Donegal Sea Arches.


Hole on the horizon along the Donegal coastline.

The west Donegal coastline is full of holes. Most are in the form of caves and sea arches (not to mention a few tunnels thrown in for good measure). Take the sea arches; there are a lot of them dotted around the coast and islands of Donegal. Hundreds in fact that are  fairly undocumented, with only a few being in any way known about. I’m just scratching the surface here by pointing out some of my favourites that I have come across on my travels. Most are coastal and attached to the mainland or islands, but there are also lots of free standing sea arches as well. Let’s start with a few Donegal Island arches.

In no particular order:

1. Oileán Glas is an island that sits of the SW side of Arranmore Island. It is steep sided and its SE corner is cut by a huge deep archway that brings you through the island and out the other side to the open Atlantic: amazing! In fact Arranmore has a lot of arches and I will go into more detail in an upcoming overview of the island.


Oileán Glas which sits of the back of Arranmore Island this archway cuts right through the island


The cauldron and it’s archway on Umfin.


  2. Off the coast of Gweedore, amongst the Islands, is the gem of Umfin Island. At the back of Umfin is the Cauldron, a barren rocky area of cliffs and ledges where the Atlantic gets seriously churned up in any swell. The breakers are swallowed up by the high, narrow, archway which juts out into the ocean. It’s easy to walk out to this archway and stand on its summit. At the top of the arch there is a hole, conveniently placed to allow a glimpse at the churning water below. Umfin is also almost cut in two by another lovely archway near the rocky landing spot; so walking across this archway can link one side of the island to the other.

3. Tory Island has some mammoth archways one of which cuts through the Anvil, which is a long finger of rock that juts out from Tory Island close to its north eastern tip. Dramatically situated and purely formed, it’s like a gateway to the island’s rugged northern side. For paddling through this archway you need to get your tides right as it dries out on low water!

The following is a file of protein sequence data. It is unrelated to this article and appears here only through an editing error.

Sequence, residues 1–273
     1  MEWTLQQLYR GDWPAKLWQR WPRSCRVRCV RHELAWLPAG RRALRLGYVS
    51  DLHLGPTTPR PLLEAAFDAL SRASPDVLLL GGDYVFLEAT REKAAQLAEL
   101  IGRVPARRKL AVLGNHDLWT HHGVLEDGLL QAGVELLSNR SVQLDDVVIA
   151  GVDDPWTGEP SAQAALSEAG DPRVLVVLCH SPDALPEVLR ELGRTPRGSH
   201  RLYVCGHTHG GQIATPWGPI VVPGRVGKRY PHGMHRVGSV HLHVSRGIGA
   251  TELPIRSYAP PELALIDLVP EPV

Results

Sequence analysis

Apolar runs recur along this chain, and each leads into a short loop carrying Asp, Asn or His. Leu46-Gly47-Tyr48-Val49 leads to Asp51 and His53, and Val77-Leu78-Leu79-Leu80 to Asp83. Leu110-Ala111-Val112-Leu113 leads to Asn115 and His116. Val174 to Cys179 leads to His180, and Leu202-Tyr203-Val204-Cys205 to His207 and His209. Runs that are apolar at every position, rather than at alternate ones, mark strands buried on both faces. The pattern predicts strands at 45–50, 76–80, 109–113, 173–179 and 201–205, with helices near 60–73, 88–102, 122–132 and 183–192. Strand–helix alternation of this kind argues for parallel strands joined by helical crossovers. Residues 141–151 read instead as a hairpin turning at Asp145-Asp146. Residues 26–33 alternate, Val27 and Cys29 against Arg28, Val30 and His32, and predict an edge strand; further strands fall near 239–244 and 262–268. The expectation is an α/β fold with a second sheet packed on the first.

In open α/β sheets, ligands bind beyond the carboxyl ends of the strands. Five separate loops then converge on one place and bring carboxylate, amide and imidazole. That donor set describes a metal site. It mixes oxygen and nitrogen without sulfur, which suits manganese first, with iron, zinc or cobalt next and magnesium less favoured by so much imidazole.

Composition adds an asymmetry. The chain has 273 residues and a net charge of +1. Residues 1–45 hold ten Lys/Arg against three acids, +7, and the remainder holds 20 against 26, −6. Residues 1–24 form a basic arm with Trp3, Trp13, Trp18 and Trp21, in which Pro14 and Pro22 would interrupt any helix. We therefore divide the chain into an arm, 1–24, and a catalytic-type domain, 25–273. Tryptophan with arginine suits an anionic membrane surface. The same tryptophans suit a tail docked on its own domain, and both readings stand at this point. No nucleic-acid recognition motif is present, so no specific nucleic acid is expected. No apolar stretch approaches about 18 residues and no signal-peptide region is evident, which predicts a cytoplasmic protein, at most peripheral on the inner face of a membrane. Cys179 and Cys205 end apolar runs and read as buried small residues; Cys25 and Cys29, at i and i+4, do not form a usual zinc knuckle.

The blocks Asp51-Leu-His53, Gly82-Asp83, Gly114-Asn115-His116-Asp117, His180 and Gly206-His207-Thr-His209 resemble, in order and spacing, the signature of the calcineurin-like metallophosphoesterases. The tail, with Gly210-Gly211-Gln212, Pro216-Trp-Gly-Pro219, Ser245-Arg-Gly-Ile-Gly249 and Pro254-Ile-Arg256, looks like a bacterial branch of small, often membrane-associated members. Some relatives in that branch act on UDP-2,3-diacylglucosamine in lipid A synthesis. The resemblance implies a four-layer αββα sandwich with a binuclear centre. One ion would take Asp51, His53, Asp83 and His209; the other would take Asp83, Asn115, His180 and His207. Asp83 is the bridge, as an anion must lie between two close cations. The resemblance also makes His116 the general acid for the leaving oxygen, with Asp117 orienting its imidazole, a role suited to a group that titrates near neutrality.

The Anvil archway on Tory Island is the gateway to it’s northern side.

4. Owey Island’s big archway is a stunner and is nestled on the Islands eastern side in a small shallow bay surrounded by  rock pinnacles and sea stacks. One of these sea stacks has an ancient face on it that looks out  towards the mainland, always watching Errigal mountain in the distance. If approached from the south the arch is hidden from view until the last minute.


The Owey Island arch



The tall arch on Inishdooey.


5. The magical Inishdooey Island, is the middle Island passed on the way out to Tory from Magheroarty on the ferry. Inishdooey has a fine, tall, narrow, and elegant hidden archway that is tucked into a cut on its eastern side; although it can be quite hard to find from the sea. It can be tricky to get through, especially at low water or in any swell. The Island is also home to an amazing huge collapsed cave which resembles a amphitheater, open to the sky (pictured in the previous blog post). A must visit Island.







6. At Glencolmcille, just north of the signal tower on Glen Head, sits the Sphinx arch; located in a sublime bay of grey and green cliffs. It’s a many faced god and takes on different guises when approached from different angles. It can take on the appearance of a cat-like creature ready to pounce on it’s prey, especially when approached from the south close to the cliffs.


The many faced god. Sphinx arch Glen Head


Hornhead sc

The dark and foreboding Horn Head short cut

7.  Horn Head is an amazing place to paddle with many fine arches and caves. My favourite is an arch-come cave which cuts off the last corner of the journey before the Horn Head bay. It takes you out into a deep, dark cut with a big cave opening on its opposite side; you feel as if you are hemmed in on all sides by towering cliffs: sublime!





8. Crohy Head has an iconic freestanding arch which has appeared in many a dreamlike photograph. It’s set in a bay strewn with boulders and rocks in a super shallow area. It’s complemented by a huge double archway only a short distance away which is an added bonus.

James Bristi stack (3)

Crohy Head freestanding arch

9. The Doorway Arch is situated due south of Loughros Point, part of a small island with a square archway at the entrance to an enchanted bay. It’s the southern entrance to the Slieve tooey coastline which is a mecca for sea kayakers in Donegal. We always say that this doorway leads into another world resembling something out of the Lord of the Rings films.



The Doorway to another world



10. The Transformer and the Guillotine are both situated along the Slieve tooey coastline – the stretch of coast between Loughros Point and An Port. Slieve tooey has more sea arches, sea stacks, caves and waterfalls then you can shake a stick at. One of the many archways along this cliff-bound coast that always catches my attention, is the Transformer arch. You can see the resemblance to a transformer from the picture. Also pictured is the Guillotine arch (you can see where it gets its name from the picture). Remember please, don’t show too much neck when passing through the Guillotine!           


Watch your head going through the Guillotine arch


The iconic Transformer arch along the Slievetooey coastline.

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